The focus of risk assessments to date has been on short-term water quality effects, neglecting long-term impacts to habitat. The result is that irreversible ecological damages may be allowed to occur in order to avoid short-term water quality impacts. Shorebird feeding success and survival, for example, depend on the birds' ability to access prey in the upper layer of soft tidal sediment. Management strategies that control Spartina but fail to restore mudflats to their original soft sediment containing ample food sources would have less value than those that did, if one were taking the long view. Risk assessments thus far have failed to evaluate eradication or management cost or the effectiveness of restoring ecosystem function and habitat use.
The objectives of our study were to compare efficacy, environmental risk, non-target impact, cost efficiencies, and habitat restoration of select chemical and mechanical controls of S. alterniflora in Willapa Bay.
We conducted chemical control research under tidal estuary conditions in Willapa Bay, a large, shallow, bar-built estuary, between 1997 and 2001. Herbicide treatments were applied after tidal water receded. We applied herbicides to well-established Spartina meadows in the inter-tidal zone at multiple locations. Plants ranged from 5 to 6 ft. in height at application. The first incoming tide following application usually covered the top of the canopy. "Dry time" before tide coverage ranged from 4 to >24 hours. Applications were usually made in the early morning, with dew present on the canopy, under cloudy conditions. The stage of plant development at application varied from before flowering (late June to mid-July) to after seed drop (October).
We evaluated the herbicides imazapyr and glyphosate, using a crop-oil concentrate with imazapyr and a non-ionic surfactant with glyphosate. We applied Arsenal (imazapyr) at 3 or 6 pt/ac and Rodeo (glyphosate) at 1, 2, or 4 gal/ac using a CO2 backpack sprayer. Spray volume, depending on the treatment, ranged from 10 to 100 gal/ac. We evaluated efficacy based on a visual rating of percent control and stem density compared to an untreated check 9 to 14 months after treatment.
We found imazapyr to be more effective than glyphosate for Spartina control. The low and high rate of imazapyr provided similar control to glyphosate applied at the medium and high rate. For the high rate of each herbicide, there was less variability in control with imazapyr. The lowest rate of glyphosate resulted in little Spartina control. Imazapyr was more effective, more consistent, and required a shorter drying time than glyphosate.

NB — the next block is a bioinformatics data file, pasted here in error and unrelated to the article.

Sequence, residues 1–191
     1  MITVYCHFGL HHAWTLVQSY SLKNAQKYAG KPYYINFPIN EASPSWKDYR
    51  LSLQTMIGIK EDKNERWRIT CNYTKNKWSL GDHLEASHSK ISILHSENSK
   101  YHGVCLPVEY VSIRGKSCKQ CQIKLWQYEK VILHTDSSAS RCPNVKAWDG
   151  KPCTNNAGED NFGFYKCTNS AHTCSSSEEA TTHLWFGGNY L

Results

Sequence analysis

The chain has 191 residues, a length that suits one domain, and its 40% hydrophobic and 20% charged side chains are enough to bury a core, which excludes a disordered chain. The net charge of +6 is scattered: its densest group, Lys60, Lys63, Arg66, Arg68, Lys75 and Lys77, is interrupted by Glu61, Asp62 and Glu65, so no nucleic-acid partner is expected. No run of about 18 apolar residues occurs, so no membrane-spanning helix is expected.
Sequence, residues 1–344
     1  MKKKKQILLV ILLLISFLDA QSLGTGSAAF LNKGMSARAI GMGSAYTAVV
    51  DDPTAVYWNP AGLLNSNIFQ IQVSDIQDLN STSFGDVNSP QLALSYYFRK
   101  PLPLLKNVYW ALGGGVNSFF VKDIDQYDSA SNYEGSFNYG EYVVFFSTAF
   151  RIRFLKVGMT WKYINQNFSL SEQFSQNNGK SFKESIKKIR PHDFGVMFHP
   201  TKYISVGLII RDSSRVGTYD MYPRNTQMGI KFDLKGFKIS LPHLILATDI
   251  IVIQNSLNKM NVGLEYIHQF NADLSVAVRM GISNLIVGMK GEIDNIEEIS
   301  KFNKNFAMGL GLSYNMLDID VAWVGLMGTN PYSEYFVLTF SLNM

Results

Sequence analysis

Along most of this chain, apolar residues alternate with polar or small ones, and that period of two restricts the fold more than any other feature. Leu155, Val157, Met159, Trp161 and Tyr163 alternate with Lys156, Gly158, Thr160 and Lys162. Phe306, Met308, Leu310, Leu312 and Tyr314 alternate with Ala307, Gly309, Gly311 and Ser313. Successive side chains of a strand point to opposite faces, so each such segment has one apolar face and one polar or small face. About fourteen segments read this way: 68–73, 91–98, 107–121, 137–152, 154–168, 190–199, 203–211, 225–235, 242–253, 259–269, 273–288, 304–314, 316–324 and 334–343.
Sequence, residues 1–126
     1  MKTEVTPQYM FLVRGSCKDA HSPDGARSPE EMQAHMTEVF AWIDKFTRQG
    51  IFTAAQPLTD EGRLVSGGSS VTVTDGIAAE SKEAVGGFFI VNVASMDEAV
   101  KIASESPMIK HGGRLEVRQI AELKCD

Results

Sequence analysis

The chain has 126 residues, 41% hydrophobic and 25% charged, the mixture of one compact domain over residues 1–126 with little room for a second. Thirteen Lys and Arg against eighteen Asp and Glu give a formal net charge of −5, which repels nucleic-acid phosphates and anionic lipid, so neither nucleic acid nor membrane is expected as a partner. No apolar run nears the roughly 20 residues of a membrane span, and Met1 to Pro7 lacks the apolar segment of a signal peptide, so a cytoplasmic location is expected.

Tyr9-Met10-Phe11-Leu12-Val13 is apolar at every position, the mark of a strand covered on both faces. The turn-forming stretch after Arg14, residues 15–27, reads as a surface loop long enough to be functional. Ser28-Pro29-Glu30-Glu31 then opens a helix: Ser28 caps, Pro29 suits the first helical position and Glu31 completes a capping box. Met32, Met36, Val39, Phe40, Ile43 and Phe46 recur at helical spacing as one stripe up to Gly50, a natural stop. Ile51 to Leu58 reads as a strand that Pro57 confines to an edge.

To evaluate short-term environmental risk, we determined concentrations of imazapyr in the water and sediment following applications to bare mud or Spartina through measuring within the sediment and tidal water as it crossed over treated areas. Concentrations of glyphosate, fluazifop-P, and haloxyfop-ethoxyethyl were determined through reviewing available literature. We evaluated immediate maximum concentration (< 3 hours after applications) and short-term concentration (24 to 48 hours after applications), then compared these figures to the most sensitive aquatic invertebrate and fish toxicities, both acute and chronic.
Based on both the literature and the monitoring data, the initial concentration of active ingredients in the tidal water was similar between the products, with the exception of haloxyfop-ethoxyethyl, which was less. After 24 to 48 hours, the glyphosate concentration in the water was reduced 66-fold, but it was still two orders of magnitude greater than imazapyr or fluazifop-P concentration. In sediment, imazapyr had the highest initial concentration, but after several days it equalled that of glyphosate. Fluazifop-P had the shortest persistence in estuary sediment, rapidly decomposing into a less-toxic substance. The initial glyphosate and imazapyr levels in both water and sediment were 1,000- to 10,000-fold below the acute LC50s for fish and aquatic vertebrates (i.e., the concentration that kills 50% of test subjects). The 48- to 96-hour levels were 8,000 to 1,000,000-fold below the LC50s and the chronic NOEL (No Observable Effects Level). Imazapyr had a 15-fold greater margin of safety than glyphosate for aquatic NOEL. For fluazifop-P, initial concentrations were at or near LC50s for fish and aquatic invertebrates, but its decomposition rate is so rapid that there was little potential for aquatic toxicity. The haloxyfop also decomposes quickly to a less toxic form.